The ugliest home on Oakwood Avenue is swaddled in ratty tarp, its sludge-green swimming pool a Club Med for mosquitoes, its back yard spiked with rusty nails.
Last year, a falling oak smashed through the roof. The ragged hole still yawns open, exposing a family den soaked with filth. Neighbors whisper of squatters, and who knows what else: A neighbor's cat recently brought her a long-tailed rat.
Another abandoned foreclosed home? Not quite. This one has a rich owner: Invitation Homes, an investment giant that has spent more than $7 billion buying houses under its parent company, Blackstone, the largest real estate private-equity firm in the world.
Calling the home a "public nuisance," Hillsborough County officials declared it unsafe a year ago and condemned it in February, criticizing its lack of repairs and ordering its urgent demolition.
But Invitation Homes — the largest home landlord in the nation, owning 44,000 homes — has yet to act, worrying neighbors that the worsening home's wreckage could lead to someone getting hurt.
"The home is wide open, and the fact that kids can get in there is scary," said neighbor Jim Codo, 72. "I worried about Halloween. I thought, 'Oh, God, here we go.' "
The home's squalor is a worrisome sign from an investor owning more than 2,500 other Tampa Bay houses, which pledged in promotions that their homes would be swiftly fixed and closely maintained.
Invitation Homes spokesman Andrew Gallina blamed the lack of repairs on ongoing negotiations with insurers on whether to rehabilitate or tear down the house. The home was fully insured, he added, but he could not say who the insurance carrier is.
"One would hope these things wouldn't take that much time, but it's a complicated decision," Gallina said. "Any time you have an insurance company involved, and an asset that is this expensive, there is a lot of back and forth."
Invitation paid $180,000 in late February 2013 to buy the foreclosed home, a five-bedroom with a private study and space for an indoor herb garden. The ranch house sits a short walk from a church and an aquatic center, on a school-bus route in suburban Brandon shaded by live oaks and Spanish moss.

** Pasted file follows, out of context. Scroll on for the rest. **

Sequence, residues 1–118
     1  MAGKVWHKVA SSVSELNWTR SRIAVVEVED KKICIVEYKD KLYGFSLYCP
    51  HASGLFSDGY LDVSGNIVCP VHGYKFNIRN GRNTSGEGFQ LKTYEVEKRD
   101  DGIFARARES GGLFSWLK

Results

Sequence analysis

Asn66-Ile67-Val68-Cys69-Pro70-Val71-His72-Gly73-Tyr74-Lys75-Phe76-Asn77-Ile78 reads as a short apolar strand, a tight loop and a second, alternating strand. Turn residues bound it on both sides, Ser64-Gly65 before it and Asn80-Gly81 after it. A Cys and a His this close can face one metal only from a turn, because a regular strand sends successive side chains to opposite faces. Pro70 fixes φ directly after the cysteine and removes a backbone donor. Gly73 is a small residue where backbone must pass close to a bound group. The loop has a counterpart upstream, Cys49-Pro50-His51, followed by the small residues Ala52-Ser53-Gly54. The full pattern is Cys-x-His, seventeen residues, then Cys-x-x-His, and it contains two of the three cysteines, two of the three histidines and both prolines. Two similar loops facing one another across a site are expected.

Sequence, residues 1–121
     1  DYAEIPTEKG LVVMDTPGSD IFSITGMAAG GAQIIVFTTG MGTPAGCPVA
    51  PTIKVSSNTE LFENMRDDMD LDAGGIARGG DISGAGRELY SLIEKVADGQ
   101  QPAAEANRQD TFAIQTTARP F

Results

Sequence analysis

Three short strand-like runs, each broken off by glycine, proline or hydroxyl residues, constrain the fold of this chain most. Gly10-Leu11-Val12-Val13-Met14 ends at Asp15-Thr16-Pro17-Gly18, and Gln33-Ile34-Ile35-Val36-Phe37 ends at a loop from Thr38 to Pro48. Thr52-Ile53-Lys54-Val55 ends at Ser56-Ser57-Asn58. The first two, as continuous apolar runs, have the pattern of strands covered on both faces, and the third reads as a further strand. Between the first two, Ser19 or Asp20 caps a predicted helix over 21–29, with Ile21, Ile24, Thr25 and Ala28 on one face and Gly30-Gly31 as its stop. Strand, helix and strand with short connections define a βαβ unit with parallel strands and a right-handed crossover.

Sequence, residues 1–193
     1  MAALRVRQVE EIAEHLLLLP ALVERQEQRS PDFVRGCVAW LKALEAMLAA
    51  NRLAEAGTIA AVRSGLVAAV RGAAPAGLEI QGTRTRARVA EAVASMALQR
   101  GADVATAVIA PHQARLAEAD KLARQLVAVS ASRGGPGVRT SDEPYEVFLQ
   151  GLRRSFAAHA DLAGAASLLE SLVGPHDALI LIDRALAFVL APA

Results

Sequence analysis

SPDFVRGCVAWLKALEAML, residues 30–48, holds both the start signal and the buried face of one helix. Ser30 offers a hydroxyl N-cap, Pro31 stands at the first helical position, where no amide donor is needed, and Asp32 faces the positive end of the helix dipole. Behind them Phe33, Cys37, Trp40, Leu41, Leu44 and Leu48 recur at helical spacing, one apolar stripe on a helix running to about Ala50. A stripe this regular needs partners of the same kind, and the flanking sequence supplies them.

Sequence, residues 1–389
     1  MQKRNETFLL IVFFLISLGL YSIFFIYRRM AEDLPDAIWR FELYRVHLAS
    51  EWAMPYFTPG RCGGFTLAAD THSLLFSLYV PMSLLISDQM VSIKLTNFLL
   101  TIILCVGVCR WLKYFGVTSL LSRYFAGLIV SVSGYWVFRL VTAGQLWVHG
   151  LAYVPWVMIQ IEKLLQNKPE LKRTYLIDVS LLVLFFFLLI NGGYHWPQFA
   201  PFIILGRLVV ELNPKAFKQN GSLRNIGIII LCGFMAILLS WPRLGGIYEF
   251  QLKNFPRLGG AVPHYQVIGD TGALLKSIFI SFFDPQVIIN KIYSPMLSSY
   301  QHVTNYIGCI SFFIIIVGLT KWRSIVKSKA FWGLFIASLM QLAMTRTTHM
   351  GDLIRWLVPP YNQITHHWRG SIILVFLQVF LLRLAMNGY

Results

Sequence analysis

The home had been renovated with a new pool pump and air-conditioning system, and Invitation quickly moved in renters. But in early April, about a month after purchase, an oak crashed down near the home's fireplace, plowing concrete-block walls into crumbs.
The tree was removed, the home was vacated and officials declared the home unsafe for human habitation. But Invitation representatives, after telling officials in May they were meeting with insurance adjusters, did little as the months passed and more pleas were sent, except cover up the damage.
"There's a big hole that's open, getting the weather inside, attracting mold … and we said they're going to have to replace all that. It's a danger for the kids," Hillsborough County code enforcement project manager Robin Caton said. "Obviously, what they did was put a tarp on it."
In February, 10 months after the tree fell, county officials condemned the "public nuisance," saying its extensive damage and "lack of corrective repairs … could pose a hazard to the community."
Officials ordered its demolition within 30 days, a deadline that passed in early March. The county code-enforcement board plans to review the case in May, Caton said, and could institute the home's first fines of up to $1,000 a day.
Invitation regularly dispatches crews to mow the lawn and check on the home, Gallina said. But he could not give a timeline for when the home would be demolished, or say what would happen next.
Neighbors said they're the ones having to clean up the mess. Before the lawn crews came, neighbors spent days fighting back the home's overgrown weeds. Some said they are on constant watch for vandals and are already dreading summer, when the ruins become a breeding ground for swarms of bugs.
"There's a swamp out back, and it's only going to get worse as it gets hotter, with that pool and all that disgust," said neighbor Rhonda Clark, 53. "When they could fix it, and don't, that's a shame."
The home's crumbling walls are still jagged with rusty rebar, and in the weeds sit a confetti of dirty trash and broken glass. Through the windows, light bulbs and exposed wires could be seen hanging from ragged ceiling cracks.
Across the street, neighbors pointed to two similar homes bought, fixed up and put on the market in the last 18 months. One house is now doted upon by a married couple of teachers. The other is under contract to sell.
Invitation Homes "could have done that. Then the tree fell," said Clark, a neighbor. "Then they said, 'Aw, screw it. Let the whole neighborhood go to hell.' "
Drew Harwell can be reachedat (727) 893-8252 or email@example.com.